Post by silverado6x6 » Sun Jan 01, 2017 9:00 am

Put the batteries in a trailer? I would first consider a way to make it a hybrid, get up to highway speed and use the electrics, say off hand making the front disc rotors with either cut geared teeth or to use a cogged belt and mount the electric motors on the forks, both sides.

Maybe a heavy duty DeWalt tool motor? Twonof them, on each side of the front wheel,like the ones for the circular saws, they only engage the front wheel, could possinly be used as a generator while dynamic braking, just offering some ideas.
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Jim1
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Re: Goldwing electric motor conversion

Post by Jim1 » Sun Jan 01, 2017 9:22 am

Now for the burning question, will the electronic engine out smooth the flat internal combustion engine?
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NoWings
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Re: Goldwing electric motor conversion

Post by NoWings » Sun Jan 01, 2017 1:47 pm

All are good ideas to try. I'm going to attempt a tried and true kit due to budget constraints. Battery trailer idea is a good one. Enclose it using Solar panels. Wish you all a happy new year!

NoWings
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Re: Goldwing electric motor conversion

Post by NoWings » Sun Jan 01, 2017 2:32 pm

silverado6x6 wrote:Put the batteries in a trailer? I would first consider a way to make it a hybrid, get up to highway speed and use the electrics, say off hand making the front disc rotors with either cut geared teeth or to use a cogged belt and mount the electric motors on the forks, both sides.

Maybe a heavy duty DeWalt tool motor? Twonof them, on each side of the front wheel,like the ones for the circular saws, they only engage the front wheel, could possinly be used as a generator while dynamic braking, just offering some ideas.
Funny, I was at good old HF looking around and came across their 40v power tools. Batteries run about $60 a pop. Great minds think alike. Time to learn about the limitations of electron manipulation.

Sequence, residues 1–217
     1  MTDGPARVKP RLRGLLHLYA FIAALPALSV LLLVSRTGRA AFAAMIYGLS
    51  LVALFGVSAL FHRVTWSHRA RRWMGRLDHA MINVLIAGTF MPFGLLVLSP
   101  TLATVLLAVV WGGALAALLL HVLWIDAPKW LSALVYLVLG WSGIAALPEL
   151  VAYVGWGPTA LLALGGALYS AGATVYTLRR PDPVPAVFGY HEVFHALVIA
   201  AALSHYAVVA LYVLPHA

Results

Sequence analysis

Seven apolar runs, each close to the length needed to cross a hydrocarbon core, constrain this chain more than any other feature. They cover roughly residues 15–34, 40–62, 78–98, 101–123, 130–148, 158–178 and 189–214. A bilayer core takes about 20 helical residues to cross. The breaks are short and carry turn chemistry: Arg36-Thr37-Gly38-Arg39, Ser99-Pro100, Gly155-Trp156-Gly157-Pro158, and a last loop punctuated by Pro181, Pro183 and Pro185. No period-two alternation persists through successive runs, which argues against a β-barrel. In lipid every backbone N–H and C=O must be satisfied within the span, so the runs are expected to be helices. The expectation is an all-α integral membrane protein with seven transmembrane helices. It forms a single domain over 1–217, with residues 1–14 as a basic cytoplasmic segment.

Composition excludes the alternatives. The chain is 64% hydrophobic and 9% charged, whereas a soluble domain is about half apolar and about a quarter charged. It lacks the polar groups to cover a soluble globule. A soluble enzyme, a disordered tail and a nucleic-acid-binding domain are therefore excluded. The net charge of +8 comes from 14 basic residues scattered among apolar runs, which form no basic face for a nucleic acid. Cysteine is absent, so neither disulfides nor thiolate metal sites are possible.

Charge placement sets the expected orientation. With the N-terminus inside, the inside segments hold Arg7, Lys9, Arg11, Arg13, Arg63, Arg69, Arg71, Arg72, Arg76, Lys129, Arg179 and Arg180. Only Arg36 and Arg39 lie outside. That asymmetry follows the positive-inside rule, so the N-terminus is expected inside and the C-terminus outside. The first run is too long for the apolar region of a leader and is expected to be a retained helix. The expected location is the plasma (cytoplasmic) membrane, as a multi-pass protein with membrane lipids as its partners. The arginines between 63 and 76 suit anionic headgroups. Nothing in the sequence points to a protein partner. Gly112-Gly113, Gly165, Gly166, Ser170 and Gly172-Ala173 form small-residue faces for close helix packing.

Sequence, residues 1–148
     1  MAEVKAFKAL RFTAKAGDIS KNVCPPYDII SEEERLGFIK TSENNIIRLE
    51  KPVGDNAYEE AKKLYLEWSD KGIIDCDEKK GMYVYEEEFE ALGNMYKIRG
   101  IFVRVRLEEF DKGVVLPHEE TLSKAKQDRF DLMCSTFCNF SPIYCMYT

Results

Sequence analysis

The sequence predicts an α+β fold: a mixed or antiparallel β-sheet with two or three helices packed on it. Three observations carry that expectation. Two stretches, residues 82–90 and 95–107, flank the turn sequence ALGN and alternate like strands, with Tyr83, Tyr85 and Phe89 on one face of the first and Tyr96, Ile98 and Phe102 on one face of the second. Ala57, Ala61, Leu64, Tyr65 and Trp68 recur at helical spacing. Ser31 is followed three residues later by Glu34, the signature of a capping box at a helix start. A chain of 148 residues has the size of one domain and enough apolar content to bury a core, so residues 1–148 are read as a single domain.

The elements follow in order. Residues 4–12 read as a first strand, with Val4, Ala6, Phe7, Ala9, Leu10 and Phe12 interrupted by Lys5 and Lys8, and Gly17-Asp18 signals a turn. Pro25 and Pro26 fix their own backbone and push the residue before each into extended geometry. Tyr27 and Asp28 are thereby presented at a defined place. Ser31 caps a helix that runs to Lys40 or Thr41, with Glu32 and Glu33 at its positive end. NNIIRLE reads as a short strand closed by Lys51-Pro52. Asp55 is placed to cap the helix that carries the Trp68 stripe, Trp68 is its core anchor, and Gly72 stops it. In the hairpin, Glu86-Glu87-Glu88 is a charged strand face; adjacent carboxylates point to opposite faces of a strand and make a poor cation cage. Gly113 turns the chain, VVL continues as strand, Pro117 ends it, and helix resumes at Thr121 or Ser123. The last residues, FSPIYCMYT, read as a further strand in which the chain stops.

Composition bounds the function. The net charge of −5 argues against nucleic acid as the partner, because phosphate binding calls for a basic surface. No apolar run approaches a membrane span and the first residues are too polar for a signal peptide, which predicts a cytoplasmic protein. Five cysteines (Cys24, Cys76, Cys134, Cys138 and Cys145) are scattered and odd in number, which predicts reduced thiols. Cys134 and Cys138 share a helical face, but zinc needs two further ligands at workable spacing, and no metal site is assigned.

Took pic of the battery, BTW. It fits the in the palm of your hand.
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40v battery
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Justmikey
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Re: Goldwing electric motor conversion

Post by Justmikey » Tue Jan 03, 2017 6:35 am

Two words: Golf Cart
and maybe a shoehorn...

The electric golf cart industry has everything you need off the shelf. Just fitting it into a GL is the trick.

NoWings
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Re: Goldwing electric motor conversion

Post by NoWings » Sat Jan 07, 2017 8:31 am

Justmikey wrote:Two words: Golf Cart
and maybe a shoehorn...

The electric golf cart industry has everything you need off the shelf. Just fitting it into a GL is the trick.
I've been looking at kits for cars. There are some very nice motors out there that would provide plenty of torque. The AC-20 through AC-70 series motors are drawing my attention. I don't want to break any records with this build. As I mentioned before, it will suffice if I can commute to work at least twice a week and recharge with solar panels. I don't want to rely on the grid since that will slow down realizing the "savings" of electron motion. Solar panels are getting cheaper but not fast enough.
An AC-35 motor kit is sort of reasonably price. The battery bank is just as expensive. Solar panels another grand and I should be set for a couple years. Still planning.

NoWings
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Re: Goldwing electric motor conversion

Post by NoWings » Sun Jan 08, 2017 10:59 pm

http://www.thunderstruck-ev.com/hpevs-a ... it-en.html

Here is this motor kit, for example. Claims are of just over 40hp with a 48v configuration. From what I have read, 40hp from electric motor translates to about 80hp when compared to an internal combustion engine. The electric motor is more efficient and torque starts from the get go. No need to wait for any certain rpm power band as with a gasoline engine. Range depends on battery bank (s) and riding style as with size of fuel tank and riding style on the counterpart engine.
Going with a kit like this leaves only a few other items to be sourced plus bracket fabrication. 48v is border line for a nice jolt if anything went wrong. 72v would be better as 144v would definitely rock.

Justmikey
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Re: Goldwing electric motor conversion

Post by Justmikey » Mon Jan 09, 2017 7:01 am

Maybe a sidecar rig...
Room for batteries, surface area for solar panels...

NoWings
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Re: Goldwing electric motor conversion

Post by NoWings » Mon Jan 30, 2017 8:53 am

I have purchased a lighter bike for the conversion, Vulcan 750. It was inoperable but i messed with it and now it runs pretty good. Fixed a couple of issues and it runs strong still. R/R might be out as battery is not getting charged. Electric conversion at a halt do to my ICE instinct kicking in.
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Re: Goldwing electric motor conversion

Post by NoWings » Sat Feb 11, 2017 11:05 am

Still researching. Not Givin up just yet.

How this with a big fat tire for the GL1000?